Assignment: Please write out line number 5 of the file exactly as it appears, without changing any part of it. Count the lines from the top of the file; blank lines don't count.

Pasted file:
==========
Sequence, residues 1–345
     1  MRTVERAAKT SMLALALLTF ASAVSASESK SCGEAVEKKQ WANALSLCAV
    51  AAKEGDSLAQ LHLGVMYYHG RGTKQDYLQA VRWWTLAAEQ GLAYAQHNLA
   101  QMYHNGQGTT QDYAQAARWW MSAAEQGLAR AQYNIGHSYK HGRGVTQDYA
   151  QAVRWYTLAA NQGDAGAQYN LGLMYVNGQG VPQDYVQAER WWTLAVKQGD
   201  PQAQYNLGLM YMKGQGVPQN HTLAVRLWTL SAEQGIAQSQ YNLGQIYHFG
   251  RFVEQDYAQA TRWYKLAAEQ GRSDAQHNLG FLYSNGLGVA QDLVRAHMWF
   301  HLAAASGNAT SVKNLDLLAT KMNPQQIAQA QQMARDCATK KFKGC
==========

   151  QAVRWYTLAA NQGDAGAQYN LGLMYVNGQG VPQDYVQAER WWTLAVKQGD